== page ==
National Audit Office: current EU–GB border operating model “is not sustainable”

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The National Audit Office (NAO), the UK’s independent public spending watchdog, has concluded that “the current overall operating model for the EU–GB border is not sustainable."

National Audit Office: current EU–GB border operating model “is not sustainable”
Photo by Andy Reid on Unsplash

In a press release accompanying its new report titled ‘The UK border: Post UK-EU transition period’, the NAO said it was a “significant achievement” that together, the government, departments and third parties “delivered the initial operating capability needed at the GB–EU border.”

However, the NAO added that “this capability was achieved in part using temporary measures such as delaying imposing import controls, putting in place easements and providing direct financial support to businesses to help them continue to trade.”

The NAO then went on to label the current operating model for the EU-GB border as unsustainable:

“The current overall operating model for the EU–GB border is not sustainable, and much more work is needed to put in place a stable operating model that eliminates any risk of WTO challenge from trading partners, does not require any temporary supports, and has clarity and ease of use for border users.”

When it comes to Northern Ireland, the NAO concluded that the timetable for ending the grace period was unrealistic:

“Regarding Northern Ireland, the arrangements that the UK government put in place to help facilitate trade into Northern Ireland from GB have been of value. However, it is very unlikely that all the systems, infrastructure and resources could have been put in place to implement the Protocol when grace periods were due to expire on 1 October 2021.”

The spending watchdog added:

“It is critical that UK government departments and devolved Northern Ireland departments deliver quickly on any agreement reached between the UK and the EU and put in place the systems, infrastructure and resources required to make it work.”

In a summary accompanying the aforementioned report, the NAO also highlighted how much public money has been spent to implement the new border arrangements.

According to the report, the infrastructure bill alone currently sits at £470 million.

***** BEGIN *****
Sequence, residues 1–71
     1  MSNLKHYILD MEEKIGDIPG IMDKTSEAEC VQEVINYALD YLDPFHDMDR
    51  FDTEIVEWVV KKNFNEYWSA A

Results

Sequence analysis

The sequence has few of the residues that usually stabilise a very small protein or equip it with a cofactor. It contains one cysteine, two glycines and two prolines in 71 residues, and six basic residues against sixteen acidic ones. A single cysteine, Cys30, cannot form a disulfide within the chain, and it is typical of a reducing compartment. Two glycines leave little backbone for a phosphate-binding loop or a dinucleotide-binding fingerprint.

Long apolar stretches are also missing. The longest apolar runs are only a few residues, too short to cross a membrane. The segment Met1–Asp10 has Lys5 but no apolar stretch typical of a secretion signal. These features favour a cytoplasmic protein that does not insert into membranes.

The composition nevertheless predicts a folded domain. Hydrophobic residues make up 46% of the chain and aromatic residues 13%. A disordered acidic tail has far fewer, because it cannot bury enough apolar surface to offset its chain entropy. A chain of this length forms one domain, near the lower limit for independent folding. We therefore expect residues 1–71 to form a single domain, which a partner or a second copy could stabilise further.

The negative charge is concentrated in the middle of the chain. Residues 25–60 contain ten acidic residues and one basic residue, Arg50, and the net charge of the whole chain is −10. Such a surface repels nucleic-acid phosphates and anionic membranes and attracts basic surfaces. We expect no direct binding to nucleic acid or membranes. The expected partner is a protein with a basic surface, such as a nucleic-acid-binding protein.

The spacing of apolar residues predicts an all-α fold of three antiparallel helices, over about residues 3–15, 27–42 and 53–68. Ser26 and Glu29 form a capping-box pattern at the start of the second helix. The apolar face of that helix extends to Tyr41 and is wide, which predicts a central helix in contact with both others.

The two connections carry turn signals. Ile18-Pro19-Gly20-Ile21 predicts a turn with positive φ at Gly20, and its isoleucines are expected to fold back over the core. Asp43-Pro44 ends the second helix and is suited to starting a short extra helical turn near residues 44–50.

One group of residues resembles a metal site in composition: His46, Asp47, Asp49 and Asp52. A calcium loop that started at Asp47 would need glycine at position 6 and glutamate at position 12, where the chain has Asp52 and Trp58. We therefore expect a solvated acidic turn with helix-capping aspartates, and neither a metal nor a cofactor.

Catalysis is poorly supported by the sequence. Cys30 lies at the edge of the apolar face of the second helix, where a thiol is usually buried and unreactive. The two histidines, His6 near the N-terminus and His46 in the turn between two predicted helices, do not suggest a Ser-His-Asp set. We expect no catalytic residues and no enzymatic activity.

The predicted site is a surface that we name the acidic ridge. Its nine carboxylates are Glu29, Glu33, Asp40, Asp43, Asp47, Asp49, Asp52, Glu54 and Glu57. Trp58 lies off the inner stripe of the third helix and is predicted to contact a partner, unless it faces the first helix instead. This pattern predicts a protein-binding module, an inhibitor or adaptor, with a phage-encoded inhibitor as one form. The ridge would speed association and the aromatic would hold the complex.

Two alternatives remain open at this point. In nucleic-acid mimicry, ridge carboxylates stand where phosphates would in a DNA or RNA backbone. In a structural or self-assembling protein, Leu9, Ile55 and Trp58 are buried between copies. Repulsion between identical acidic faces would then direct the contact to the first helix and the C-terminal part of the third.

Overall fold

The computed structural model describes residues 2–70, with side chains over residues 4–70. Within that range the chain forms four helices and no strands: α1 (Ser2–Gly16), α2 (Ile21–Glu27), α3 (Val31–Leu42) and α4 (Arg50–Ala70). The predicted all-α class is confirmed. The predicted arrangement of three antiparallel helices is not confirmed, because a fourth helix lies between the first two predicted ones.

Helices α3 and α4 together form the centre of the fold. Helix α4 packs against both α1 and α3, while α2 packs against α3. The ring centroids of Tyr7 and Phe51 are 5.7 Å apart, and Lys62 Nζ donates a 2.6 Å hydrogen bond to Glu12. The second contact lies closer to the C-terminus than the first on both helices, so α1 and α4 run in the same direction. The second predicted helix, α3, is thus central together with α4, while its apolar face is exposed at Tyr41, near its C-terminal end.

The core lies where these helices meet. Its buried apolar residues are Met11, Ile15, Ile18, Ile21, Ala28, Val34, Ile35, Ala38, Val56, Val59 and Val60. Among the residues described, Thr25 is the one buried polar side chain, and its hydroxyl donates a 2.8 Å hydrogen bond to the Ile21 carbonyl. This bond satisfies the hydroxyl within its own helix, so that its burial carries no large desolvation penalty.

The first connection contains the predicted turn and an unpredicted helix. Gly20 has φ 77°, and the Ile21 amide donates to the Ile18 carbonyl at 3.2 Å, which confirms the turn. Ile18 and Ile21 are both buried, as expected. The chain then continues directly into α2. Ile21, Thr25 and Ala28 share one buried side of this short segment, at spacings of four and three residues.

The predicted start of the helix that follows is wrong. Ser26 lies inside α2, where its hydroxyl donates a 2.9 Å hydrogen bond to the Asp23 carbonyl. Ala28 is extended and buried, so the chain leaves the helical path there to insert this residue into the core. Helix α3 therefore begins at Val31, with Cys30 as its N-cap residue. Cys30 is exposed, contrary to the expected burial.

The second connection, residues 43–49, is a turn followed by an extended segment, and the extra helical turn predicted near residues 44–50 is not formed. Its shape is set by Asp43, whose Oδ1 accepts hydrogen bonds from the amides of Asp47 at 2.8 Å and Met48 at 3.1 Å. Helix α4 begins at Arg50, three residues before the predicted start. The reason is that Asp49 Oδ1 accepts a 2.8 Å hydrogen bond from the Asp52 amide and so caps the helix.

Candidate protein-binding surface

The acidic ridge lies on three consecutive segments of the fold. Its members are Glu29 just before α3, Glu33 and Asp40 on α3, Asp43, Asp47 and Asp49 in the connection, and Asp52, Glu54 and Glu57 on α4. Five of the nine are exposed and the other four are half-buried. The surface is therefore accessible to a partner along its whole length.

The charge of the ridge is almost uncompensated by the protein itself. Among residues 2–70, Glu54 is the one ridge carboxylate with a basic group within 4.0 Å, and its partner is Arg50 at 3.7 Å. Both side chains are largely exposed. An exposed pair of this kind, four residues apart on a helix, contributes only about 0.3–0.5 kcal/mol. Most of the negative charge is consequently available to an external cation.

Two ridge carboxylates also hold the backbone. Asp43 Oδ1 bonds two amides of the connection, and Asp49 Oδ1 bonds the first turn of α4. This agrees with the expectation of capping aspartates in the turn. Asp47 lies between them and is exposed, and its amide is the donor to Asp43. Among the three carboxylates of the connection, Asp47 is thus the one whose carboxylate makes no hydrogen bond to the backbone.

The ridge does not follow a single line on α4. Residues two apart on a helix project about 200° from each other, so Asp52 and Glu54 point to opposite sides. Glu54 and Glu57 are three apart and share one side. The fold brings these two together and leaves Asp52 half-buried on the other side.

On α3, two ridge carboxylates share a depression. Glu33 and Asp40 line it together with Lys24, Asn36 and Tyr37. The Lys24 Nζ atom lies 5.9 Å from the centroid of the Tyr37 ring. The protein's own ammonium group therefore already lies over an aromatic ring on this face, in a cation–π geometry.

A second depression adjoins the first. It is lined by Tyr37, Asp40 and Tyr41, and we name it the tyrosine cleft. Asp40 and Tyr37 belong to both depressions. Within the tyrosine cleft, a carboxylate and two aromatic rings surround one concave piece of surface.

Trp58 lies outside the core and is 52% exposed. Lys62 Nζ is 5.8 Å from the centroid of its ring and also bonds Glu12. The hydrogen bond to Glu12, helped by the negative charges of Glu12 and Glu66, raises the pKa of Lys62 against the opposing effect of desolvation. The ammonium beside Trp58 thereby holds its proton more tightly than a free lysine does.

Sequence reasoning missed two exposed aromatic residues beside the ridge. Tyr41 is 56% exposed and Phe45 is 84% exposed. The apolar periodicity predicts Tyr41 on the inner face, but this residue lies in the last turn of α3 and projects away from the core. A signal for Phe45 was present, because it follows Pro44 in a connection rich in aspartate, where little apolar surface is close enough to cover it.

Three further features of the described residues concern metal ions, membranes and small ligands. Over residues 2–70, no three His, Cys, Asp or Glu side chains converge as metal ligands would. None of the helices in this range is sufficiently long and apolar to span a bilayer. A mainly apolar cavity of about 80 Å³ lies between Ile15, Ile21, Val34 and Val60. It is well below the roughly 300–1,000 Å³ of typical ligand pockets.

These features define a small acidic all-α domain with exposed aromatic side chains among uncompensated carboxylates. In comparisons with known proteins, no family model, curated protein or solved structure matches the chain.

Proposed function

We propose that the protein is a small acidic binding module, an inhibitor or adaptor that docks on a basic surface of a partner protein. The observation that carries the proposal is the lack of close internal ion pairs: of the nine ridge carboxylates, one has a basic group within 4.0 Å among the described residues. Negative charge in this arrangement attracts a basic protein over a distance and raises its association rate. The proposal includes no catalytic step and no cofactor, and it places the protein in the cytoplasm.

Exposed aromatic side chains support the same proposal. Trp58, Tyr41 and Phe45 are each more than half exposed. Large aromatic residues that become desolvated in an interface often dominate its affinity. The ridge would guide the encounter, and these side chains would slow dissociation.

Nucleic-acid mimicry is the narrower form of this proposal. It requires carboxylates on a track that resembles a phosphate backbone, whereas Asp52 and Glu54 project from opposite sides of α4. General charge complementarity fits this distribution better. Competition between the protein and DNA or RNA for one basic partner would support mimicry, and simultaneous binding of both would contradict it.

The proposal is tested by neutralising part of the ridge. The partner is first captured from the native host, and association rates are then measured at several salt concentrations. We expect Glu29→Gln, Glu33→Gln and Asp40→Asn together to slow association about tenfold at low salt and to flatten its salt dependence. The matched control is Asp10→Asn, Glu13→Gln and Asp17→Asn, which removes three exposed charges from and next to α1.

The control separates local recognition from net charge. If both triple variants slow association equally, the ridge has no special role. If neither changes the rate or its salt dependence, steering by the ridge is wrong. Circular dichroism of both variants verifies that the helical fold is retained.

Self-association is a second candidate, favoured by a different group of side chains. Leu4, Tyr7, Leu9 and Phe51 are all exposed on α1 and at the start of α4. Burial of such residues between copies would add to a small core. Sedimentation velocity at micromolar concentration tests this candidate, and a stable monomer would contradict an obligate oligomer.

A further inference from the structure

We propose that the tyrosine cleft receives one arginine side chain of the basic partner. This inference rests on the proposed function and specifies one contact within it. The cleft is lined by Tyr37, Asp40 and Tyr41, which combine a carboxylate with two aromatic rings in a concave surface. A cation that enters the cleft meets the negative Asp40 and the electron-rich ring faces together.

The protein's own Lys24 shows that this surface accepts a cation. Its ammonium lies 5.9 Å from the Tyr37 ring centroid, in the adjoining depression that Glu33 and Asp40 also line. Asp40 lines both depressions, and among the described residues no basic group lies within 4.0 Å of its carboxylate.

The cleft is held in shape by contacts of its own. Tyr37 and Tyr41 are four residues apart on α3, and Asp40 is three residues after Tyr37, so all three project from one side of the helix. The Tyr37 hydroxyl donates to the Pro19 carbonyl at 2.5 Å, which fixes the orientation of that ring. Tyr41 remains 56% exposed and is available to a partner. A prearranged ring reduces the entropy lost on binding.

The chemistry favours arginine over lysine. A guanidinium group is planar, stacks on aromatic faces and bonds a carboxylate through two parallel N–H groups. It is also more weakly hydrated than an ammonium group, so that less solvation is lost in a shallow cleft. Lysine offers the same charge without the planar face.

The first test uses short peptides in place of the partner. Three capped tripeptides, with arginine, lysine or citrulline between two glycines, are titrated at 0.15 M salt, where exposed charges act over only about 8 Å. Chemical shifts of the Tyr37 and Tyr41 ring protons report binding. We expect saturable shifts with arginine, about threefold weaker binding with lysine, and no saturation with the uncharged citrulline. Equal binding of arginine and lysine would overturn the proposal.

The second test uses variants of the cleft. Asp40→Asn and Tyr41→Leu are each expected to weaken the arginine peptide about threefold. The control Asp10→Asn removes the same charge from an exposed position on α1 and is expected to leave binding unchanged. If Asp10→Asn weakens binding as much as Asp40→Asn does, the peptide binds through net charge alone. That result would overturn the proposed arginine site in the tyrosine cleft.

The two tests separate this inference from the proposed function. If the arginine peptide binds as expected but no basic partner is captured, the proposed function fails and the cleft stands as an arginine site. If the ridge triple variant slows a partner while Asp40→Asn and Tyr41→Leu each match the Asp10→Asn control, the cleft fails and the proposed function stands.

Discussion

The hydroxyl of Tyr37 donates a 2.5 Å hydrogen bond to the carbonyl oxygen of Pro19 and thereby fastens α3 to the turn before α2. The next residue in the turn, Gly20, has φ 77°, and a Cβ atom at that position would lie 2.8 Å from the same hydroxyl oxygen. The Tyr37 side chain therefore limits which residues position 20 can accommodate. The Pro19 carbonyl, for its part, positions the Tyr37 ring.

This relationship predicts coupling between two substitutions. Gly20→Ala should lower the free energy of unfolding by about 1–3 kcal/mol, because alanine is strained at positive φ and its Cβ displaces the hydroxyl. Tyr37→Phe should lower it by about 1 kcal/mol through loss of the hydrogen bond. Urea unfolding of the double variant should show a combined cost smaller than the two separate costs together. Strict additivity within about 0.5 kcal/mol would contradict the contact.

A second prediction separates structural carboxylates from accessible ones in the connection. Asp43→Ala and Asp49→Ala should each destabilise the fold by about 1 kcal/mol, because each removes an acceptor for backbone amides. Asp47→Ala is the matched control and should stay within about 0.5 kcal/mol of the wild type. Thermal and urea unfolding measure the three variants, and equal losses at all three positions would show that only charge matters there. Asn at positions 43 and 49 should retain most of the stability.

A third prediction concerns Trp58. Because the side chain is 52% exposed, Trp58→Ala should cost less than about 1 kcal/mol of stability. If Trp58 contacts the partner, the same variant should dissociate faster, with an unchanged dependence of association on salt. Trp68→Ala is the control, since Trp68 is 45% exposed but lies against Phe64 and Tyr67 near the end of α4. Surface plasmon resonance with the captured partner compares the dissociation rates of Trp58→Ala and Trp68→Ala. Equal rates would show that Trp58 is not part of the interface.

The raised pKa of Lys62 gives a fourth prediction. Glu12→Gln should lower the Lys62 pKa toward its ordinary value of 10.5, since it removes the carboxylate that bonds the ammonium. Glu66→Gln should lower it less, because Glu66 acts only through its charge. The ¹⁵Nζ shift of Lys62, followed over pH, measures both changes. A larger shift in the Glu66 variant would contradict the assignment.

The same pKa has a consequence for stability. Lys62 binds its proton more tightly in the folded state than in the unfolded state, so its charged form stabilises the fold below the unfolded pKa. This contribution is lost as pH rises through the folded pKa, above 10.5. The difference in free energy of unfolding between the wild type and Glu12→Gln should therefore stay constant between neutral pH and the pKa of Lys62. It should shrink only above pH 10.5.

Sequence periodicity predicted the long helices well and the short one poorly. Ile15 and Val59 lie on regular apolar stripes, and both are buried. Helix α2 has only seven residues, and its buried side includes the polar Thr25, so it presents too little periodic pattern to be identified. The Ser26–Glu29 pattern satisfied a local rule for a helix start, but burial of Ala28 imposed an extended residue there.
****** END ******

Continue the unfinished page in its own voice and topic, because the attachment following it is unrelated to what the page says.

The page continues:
The government’s current allocated funding for infrastructure required for checks at the border, comprising £200 million in grants to ports through the Port Infrastructure Fund and £270 million for inland border facilities (in addition to the amount funded by ports, which is unknown).

In addition to the above, a further £113 million has been spent on financial support for industries and sectors affected by the end of the transition period in Great Britain.

It doesn’t end there either, as almost £500 million of UK government funding has been made available to support businesses trading in Northern Ireland.

Moreover, the same document highlights the fact that there has been a 23% decrease in total UK trade in goods with EU countries comparing Quarter 1 2021 with Quarter 4 2020 (UK–EU trade flows have been affected by both EU Exit and the COVID-19 pandemic).

In the first 6 months of the new trading arrangements, a whopping 140,000 Export Health Certificates had to be processed according to the NAO, while 48 million full or simplified customs declarations were made by traders to HM Revenue & Customs during the period between January and August 2021.

Other key findings in the report are as follows:

  • If traders and hauliers had not been ready for when government planned to introduce new import controls in January 2022, this could have reduced the flow and availability of food and other products to the UK.
  • Repeated delays to putting in place an effective border regime leaves the UK open to potential challenge that it is not complying with international trading rules.
  • There is still uncertainty regarding elements of the government’s infrastructure programme.
  • The government responded to provide financial support schemes for some sectors but did not have a strategic plan for its interventions prior to the end of the transition period.
  • The food and fishing industries have been particularly affected because of higher export costs and limited preparation for new checks.
  • As a result of leaving the EU single market and customs union, businesses face additional burdens, which will increase further as full import controls are phased in.
  • The queues modelled in the government’s reasonable worst-case scenario did not materialise.
  • There were no major systems or process failures at the border, which is a significant achievement given the complexity and scale of the arrangements required.

Photo by Andy Reid on Unsplash

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